My next charter was another guide trip and we did our tuna thing for while when we finally caught some small ones, which we bridled up on two Tiagra 50 wides with 80-pound test. My client wanted to troll live tuna around the hump, so we did. We didn’t get any strikes but the anticipation of what might eat our baits really got our blood flowing. One of these days we will get a big marlin or maybe a mako. While we trolled around trying to get the smaller tunas we picked up one dolphin, which was a bonus. After a few hours with no strikes we went deep dropping and we caught a 60-pound wreckfish, rosefish, and a barrelfish. Unfortunately we were unable to keep the wreckfish due to its “no take” status. They are commercially taken but recreational anglers are not allowed to posses this fish.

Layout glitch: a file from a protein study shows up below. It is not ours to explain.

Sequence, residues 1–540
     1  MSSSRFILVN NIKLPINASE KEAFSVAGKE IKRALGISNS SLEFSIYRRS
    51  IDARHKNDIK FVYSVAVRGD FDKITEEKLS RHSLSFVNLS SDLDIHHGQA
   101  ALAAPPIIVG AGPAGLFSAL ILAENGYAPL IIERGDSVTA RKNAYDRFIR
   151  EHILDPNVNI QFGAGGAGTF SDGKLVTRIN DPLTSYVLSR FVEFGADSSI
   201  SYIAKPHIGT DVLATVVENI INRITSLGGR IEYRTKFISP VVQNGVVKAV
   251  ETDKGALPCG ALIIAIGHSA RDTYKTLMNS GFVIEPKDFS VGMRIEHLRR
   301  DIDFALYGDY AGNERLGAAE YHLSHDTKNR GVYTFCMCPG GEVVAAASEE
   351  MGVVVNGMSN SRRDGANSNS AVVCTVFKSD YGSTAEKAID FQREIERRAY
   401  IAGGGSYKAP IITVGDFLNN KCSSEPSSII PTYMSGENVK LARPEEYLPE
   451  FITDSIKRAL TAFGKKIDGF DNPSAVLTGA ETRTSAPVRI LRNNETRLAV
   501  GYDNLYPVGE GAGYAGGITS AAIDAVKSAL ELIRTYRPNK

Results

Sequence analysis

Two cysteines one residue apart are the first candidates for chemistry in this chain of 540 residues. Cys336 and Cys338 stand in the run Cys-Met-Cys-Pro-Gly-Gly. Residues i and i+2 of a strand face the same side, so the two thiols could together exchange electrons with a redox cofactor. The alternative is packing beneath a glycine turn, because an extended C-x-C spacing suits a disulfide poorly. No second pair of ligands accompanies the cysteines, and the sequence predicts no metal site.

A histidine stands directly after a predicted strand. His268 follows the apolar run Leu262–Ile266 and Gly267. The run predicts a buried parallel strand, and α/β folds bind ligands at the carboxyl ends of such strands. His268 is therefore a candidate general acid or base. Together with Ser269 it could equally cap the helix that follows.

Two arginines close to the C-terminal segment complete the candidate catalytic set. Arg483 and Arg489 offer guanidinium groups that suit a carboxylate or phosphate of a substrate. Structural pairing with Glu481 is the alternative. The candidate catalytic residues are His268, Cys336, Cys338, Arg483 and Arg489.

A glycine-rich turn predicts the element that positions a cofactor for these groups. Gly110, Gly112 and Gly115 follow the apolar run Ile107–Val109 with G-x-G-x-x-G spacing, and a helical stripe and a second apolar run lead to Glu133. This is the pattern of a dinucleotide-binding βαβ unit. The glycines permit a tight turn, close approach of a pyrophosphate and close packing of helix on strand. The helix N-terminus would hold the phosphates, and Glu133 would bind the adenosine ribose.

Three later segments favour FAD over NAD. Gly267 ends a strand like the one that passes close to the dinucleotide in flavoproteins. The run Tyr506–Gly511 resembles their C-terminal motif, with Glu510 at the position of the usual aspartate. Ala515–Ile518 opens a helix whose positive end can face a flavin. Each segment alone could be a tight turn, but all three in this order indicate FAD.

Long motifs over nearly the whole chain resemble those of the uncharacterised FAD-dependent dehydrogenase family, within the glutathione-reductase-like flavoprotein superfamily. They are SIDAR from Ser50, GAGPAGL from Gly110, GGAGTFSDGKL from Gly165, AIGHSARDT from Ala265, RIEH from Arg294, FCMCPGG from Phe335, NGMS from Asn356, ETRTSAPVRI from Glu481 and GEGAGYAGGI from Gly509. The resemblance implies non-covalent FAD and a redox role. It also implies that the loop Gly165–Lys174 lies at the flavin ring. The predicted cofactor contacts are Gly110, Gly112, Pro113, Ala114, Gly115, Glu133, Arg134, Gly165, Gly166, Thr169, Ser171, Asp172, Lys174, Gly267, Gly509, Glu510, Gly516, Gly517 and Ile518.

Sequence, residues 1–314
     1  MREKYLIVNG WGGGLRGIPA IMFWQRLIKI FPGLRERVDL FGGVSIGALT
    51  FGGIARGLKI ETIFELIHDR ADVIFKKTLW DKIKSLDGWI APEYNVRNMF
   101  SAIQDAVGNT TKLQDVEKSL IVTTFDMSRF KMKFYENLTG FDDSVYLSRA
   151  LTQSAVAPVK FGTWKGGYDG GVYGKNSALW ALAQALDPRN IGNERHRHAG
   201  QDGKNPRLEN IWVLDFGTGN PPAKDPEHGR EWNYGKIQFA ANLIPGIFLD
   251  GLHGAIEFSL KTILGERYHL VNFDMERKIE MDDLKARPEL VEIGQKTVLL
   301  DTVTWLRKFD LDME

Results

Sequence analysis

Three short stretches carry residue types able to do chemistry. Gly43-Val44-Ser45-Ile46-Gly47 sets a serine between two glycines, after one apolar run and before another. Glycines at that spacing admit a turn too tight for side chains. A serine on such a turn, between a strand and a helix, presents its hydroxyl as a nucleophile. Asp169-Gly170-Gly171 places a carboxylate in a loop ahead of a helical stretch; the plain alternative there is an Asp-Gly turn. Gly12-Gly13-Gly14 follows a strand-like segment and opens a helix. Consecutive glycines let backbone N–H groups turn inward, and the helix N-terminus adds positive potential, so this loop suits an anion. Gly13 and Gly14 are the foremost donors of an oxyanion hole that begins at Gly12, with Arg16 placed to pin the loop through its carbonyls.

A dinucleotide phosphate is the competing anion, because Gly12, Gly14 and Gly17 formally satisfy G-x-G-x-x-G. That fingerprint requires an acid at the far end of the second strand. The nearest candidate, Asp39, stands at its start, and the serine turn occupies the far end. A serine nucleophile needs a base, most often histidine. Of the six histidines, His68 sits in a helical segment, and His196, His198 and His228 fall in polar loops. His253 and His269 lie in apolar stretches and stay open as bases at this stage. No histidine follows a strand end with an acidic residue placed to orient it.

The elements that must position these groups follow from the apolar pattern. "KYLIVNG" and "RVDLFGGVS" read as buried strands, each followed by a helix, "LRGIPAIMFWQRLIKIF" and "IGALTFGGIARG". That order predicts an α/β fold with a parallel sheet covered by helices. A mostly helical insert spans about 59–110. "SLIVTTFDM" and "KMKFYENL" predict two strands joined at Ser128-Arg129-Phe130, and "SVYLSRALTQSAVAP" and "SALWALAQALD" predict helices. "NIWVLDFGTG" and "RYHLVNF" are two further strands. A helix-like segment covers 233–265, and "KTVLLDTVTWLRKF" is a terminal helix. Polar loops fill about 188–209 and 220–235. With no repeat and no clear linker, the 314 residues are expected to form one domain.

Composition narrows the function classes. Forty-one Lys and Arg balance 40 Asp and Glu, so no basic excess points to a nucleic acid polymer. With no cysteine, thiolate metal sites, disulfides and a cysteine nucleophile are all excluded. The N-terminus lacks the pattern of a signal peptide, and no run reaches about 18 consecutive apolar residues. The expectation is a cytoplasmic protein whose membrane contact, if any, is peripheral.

On Sunday we headed out o look for yellowfin tuna, but we couldn’t find any. It was a desert out there, no dolphin and no yellowfins. We did manage to catch a sailfish on a squid spreader bar. We looked all over for birds but to no avail. I was using an open array radar to search for the birds, but we only found a few and they were just flying.
Good luck and keep it safe.
Monday, March 29th, 2010